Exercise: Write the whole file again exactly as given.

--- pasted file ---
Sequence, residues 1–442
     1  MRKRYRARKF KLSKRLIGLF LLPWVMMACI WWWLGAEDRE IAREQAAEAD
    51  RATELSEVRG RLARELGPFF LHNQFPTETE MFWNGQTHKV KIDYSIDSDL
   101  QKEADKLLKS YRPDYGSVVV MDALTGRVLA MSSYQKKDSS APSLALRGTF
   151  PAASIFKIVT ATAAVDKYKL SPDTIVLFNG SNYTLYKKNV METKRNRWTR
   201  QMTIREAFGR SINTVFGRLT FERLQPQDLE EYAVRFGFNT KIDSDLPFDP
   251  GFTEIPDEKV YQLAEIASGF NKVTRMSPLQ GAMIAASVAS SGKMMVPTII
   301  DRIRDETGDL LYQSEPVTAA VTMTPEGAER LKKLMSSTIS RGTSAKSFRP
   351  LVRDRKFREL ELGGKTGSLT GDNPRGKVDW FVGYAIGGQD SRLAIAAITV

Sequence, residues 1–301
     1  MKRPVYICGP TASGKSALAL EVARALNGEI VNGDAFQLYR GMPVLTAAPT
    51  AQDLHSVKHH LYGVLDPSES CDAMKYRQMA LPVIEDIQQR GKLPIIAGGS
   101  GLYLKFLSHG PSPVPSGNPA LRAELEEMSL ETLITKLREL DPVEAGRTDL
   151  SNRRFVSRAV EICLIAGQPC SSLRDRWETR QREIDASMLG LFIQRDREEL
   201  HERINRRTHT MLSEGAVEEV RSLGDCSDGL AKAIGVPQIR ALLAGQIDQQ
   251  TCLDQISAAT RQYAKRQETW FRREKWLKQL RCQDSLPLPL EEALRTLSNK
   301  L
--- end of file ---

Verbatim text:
Sequence, residues 1–442
     1  MRKRYRARKF KLSKRLIGLF LLPWVMMACI WWWLGAEDRE IAREQAAEAD
    51  RATELSEVRG RLARELGPFF LHNQFPTETE MFWNGQTHKV KIDYSIDSDL
   101  QKEADKLLKS YRPDYGSVVV MDALTGRVLA MSSYQKKDSS APSLALRGTF
   151  PAASIFKIVT ATAAVDKYKL SPDTIVLFNG SNYTLYKKNV METKRNRWTR
   201  QMTIREAFGR SINTVFGRLT FERLQPQDLE EYAVRFGFNT KIDSDLPFDP
   251  GFTEIPDEKV YQLAEIASGF NKVTRMSPLQ GAMIAASVAS SGKMMVPTII
   301  DRIRDETGDL LYQSEPVTAA VTMTPEGAER LKKLMSSTIS RGTSAKSFRP
   351  LVRDRKFREL ELGGKTGSLT GDNPRGKVDW FVGYAIGGQD SRLAIAAITV

Sequence, residues 1–301
     1  MKRPVYICGP TASGKSALAL EVARALNGEI VNGDAFQLYR GMPVLTAAPT
    51  AQDLHSVKHH LYGVLDPSES CDAMKYRQMA LPVIEDIQQR GKLPIIAGGS
   101  GLYLKFLSHG PSPVPSGNPA LRAELEEMSL ETLITKLREL DPVEAGRTDL
   151  SNRRFVSRAV EICLIAGQPC SSLRDRWETR QREIDASMLG LFIQRDREEL
   201  HERINRRTHT MLSEGAVEEV RSLGDCSDGL AKAIGVPQIR ALLAGQIDQQ
   251  TCLDQISAAT RQYAKRQETW FRREKWLKQL RCQDSLPLPL EEALRTLSNK
   301  L